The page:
If endorsed in parliament, the Janez Janša centre-right coalition government is planning to overhaul the public sector pay system to make it more performance-based, as well as reform justice legislation.
The coalition would like to establish order in the public administration by setting up central databases of all employees and their responsibilities and of all state-owned assets.
It plans to reorganise and streamline various state offices, bodies and services, and reduce costs by introducing paperless administration and reducing costs of outsourcing.
The savings are to go toward rewarding above-preforming employees. The pay system is to stimulate above-average achievers by pegging part of pay to performance.
The coalition agreement calls for stepping up digitalisation of the public administration, courts and the whole country.
Plans in the judiciary include making court rulings fully public and giving judges on panels the option to pass dissenting opinions, part of a long-standing centre-right agenda to improve the transparency of the judiciary.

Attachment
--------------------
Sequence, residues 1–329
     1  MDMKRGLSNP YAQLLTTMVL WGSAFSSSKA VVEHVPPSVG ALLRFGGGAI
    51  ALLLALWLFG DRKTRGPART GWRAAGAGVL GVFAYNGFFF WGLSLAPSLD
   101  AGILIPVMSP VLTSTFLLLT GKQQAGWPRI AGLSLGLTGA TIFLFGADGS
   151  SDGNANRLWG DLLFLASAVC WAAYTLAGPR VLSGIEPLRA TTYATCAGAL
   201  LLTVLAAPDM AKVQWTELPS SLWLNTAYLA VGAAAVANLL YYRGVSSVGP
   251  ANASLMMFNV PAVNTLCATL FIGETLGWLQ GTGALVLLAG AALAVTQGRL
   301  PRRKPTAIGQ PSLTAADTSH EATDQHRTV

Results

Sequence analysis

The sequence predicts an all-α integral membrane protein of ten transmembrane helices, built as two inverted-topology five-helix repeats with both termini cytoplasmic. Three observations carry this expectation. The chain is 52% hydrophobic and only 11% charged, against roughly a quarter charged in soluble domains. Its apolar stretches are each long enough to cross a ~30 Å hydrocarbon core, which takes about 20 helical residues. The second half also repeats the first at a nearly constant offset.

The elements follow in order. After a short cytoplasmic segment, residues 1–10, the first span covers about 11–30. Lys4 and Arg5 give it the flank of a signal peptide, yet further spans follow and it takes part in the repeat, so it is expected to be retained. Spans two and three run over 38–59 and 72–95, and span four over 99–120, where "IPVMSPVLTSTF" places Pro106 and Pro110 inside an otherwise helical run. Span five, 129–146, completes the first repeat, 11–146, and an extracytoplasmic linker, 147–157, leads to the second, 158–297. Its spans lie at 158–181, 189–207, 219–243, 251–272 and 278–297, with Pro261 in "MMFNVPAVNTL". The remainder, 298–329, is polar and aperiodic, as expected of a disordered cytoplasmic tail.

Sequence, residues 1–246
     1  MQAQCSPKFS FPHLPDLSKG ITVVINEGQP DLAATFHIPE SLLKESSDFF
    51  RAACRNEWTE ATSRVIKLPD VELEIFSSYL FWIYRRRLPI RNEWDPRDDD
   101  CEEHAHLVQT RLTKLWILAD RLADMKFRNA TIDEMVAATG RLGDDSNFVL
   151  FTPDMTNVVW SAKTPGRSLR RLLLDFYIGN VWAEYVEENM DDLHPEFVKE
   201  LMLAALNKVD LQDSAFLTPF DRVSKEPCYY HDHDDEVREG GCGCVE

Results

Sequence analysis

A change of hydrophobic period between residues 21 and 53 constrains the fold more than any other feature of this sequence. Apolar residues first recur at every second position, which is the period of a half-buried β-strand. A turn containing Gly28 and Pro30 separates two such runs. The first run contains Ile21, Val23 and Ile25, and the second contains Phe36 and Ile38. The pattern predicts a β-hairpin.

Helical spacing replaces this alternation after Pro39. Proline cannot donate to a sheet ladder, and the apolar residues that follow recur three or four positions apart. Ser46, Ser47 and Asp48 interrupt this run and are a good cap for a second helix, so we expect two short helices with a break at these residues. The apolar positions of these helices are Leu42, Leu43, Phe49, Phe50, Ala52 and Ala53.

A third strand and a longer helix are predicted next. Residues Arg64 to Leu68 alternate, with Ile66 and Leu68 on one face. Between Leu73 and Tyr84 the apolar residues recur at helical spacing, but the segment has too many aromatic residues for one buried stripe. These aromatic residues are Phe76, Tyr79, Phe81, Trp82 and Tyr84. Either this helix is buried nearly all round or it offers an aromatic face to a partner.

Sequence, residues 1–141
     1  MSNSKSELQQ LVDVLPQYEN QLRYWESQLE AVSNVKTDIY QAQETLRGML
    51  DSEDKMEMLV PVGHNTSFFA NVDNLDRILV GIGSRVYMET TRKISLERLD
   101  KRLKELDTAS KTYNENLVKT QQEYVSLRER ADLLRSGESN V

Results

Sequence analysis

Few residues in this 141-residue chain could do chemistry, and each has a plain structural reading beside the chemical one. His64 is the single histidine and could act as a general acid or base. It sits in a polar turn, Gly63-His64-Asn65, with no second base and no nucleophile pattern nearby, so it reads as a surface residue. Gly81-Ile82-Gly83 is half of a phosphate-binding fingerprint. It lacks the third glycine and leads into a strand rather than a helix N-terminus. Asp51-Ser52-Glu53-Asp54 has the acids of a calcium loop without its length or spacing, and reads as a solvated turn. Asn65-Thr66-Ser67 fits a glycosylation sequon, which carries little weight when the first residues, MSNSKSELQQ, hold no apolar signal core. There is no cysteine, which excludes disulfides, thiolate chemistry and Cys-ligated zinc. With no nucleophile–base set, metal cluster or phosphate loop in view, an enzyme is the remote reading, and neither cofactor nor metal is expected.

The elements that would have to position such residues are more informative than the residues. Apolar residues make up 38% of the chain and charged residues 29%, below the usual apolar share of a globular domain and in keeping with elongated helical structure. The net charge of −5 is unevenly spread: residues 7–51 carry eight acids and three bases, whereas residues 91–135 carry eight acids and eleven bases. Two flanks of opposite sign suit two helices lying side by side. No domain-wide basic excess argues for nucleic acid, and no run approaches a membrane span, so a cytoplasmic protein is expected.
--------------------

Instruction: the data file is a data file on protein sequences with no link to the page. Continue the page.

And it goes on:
The coalition would like to put in place a system in which courts of higher instance would in fact rule on cases rather than return them for retrial to courts of lower instance.
As things currently stand, higher courts rarely weigh in on the substance matter of cases and most often just uphold them or order retrials while focusing on technicalities.
Judges’ work would be appraised by court presidents rather than the Judicial Council, while the head of the prosecution service would have to sign their name on rejected criminal complaints.
The plans also include establishing specialised courts to handle the gravest forms of organised corporate crime and gross damage to public funds.
The coalition has pledged to examine the option to introduce a trial period for judges, and to make assignment of cases to judges coincidental.
Both priorities reflect long-standing qualms by the Democrats (SDS), the senior partner in the incoming coalition, who have made several attempts to change the rules so as to make judges more accountable for their work and believe the current system of assigning cases is marred in corruption.